# Problem in Multiplication theorem.

An urn contains $10$ black and $5$ white balls. Two black balls are drawn from the urn and one after other. $E$ and $F$ denote respectively the events that first and second ball drawn are black.

How do I find $P(F|E)$?

I think $P(F|E) =$ the probability of occurrence of $F$ when $E$ is taken as sample space. When $E$ took place we had a black ball which should now be sample space for $F$. So, now $P(F|E)$ should be $1$. But book says $P(F|E) = 9/14$. where am I wrong.

In all questions I did in previous exercise of my book I used $P(A|B) =$ Probability of occurrence of $A$ when $B$ is taken as sample space. So if I already have done event $E$, now I should have only a black ball in my hand. Now $P(F|E)$ should mean I take out next black black ball from my black ball obtained in $E$. This gives probability of $1$. Another way to find $P(F|E)$ can be by $n\left\lvert F \cap E\right\lvert / n\left\lvert E \right\lvert$ . Can you please explain using this method?

• After the black ball is drawn, you have $14$ balls left of which $9$ are black. – André Nicolas Jan 9 '16 at 7:58
• But why E is not taken as sample space. – Anubhav Goel Jan 9 '16 at 8:00
• The sample space is the set of all pairs $(x,y)$ where the first is black. Not really a useful way to think in this case. It is clear that the conditional probability the second is black given the first is cannot be $1$, there are lots of white balls left. – André Nicolas Jan 9 '16 at 8:07
• That's not right. The problem is with respect to the balls in the urn not from you hand. That is what is explicitly stated in the problem. We would need more context regarding the previous problems to be able to determine the issue. – Em. Jan 9 '16 at 8:16
• Welcome to math.SE! Here is a guide to some of the tricky maths markup. – Frentos Jan 9 '16 at 9:13

The urn contained $10$ black and $5$ white balls, then two were drawn without replacement.

In all questions I did in previous exercise of my book I used $P(A\mid B)=$ Probability of occurrence of $A$ when $B$ is taken as sample space. So if I already have done event $E$, now I should have only a black ball in my hand. Now $P(F|E)$ should mean I take out next black black ball from my black ball obtained in $E$. This gives probability of $1$.

No, the second ball must be drawn from those remaining in the urn.

There are $140$ ways to obtain event $E$:   That is to draw one of the $10$ black balls then draw any of the remaining $14$ balls.   That is your sample space.   $\mathsf P(F\mid E)$ is thus the probability measure that given we have one of these $140$ equally-probable outcomes we also obtain event $F$ - that the second ball is also black.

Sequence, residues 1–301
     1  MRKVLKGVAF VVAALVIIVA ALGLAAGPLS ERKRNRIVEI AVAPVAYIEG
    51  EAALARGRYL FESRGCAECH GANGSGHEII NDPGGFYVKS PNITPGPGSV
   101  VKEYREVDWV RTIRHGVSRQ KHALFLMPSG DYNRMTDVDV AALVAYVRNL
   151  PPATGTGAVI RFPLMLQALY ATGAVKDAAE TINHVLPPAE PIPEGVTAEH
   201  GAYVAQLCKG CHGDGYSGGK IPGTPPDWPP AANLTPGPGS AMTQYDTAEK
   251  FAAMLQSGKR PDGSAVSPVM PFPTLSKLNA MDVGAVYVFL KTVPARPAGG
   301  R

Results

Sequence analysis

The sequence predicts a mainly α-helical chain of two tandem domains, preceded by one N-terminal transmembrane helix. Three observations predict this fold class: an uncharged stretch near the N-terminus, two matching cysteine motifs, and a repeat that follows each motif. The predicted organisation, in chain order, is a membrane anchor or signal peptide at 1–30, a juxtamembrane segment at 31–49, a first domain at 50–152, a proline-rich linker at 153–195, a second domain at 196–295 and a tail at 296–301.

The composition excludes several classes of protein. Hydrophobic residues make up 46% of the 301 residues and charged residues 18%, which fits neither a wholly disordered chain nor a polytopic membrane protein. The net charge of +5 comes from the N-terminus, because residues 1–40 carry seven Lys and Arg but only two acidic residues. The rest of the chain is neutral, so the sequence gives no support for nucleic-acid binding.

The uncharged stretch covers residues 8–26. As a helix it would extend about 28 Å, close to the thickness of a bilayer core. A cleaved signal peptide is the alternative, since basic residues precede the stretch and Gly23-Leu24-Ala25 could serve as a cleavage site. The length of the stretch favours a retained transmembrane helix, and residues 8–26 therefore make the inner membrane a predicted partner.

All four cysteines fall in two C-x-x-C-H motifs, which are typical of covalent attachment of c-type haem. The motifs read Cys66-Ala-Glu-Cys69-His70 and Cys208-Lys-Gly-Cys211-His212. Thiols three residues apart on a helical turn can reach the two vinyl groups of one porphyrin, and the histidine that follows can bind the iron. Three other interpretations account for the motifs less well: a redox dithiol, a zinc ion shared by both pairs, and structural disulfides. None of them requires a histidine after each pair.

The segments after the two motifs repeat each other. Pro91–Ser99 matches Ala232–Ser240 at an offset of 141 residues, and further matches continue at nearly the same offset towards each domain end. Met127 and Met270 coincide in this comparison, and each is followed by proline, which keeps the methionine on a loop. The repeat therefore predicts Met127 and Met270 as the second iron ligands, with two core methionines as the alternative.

$$\mathsf P(F\mid E) =\frac{\mathsf P(E\cap F)}{\mathsf P(E)} = \frac{90}{140}$$

• @AnubhavGoel The probability space consists of a draw of two balls from the urn; and there is a total of $15\times 14$ ways to do this. Of these, $10\times 14$ have a black ball drawn first and any ball drawn second. That is event $E$ - that the first of two balls drawn is black. – Graham Kemp Jan 9 '16 at 9:59

Close. Conditioning on $E$ means that I tell you on the first draw, you got a black ball. Thus in the next turn, what is the probability that you get a black? Well, there are only 14 balls left, and 9 of them are black. Thus $$P(F|E) = \frac{9}{14}$$ using the logic above. You can check by hand using Bayes' rule.

• My question still stands why you did not took E as sample space. – Anubhav Goel Jan 9 '16 at 8:03
• @AnubhavGoel What do you mean by that? Can you write it out? – Em. Jan 9 '16 at 8:06
• @AnubhavGoel: $E$ was taken as a sample space. In $E$, we've chosen one black ball, so there are $9$ black balls and $5$ white balls left for the second choice. – robjohn Jan 9 '16 at 9:06
• @robjon: if you took E as sample space you have only 1 black ball as sample space which you took out. – Anubhav Goel Jan 9 '16 at 9:24
• @AnubhavGoel No, the correct sample space $E$ is the one everyone is describing about the remaining balls in the urn. The sample space $E$ is not what is in your hand. – Em. Jan 9 '16 at 9:32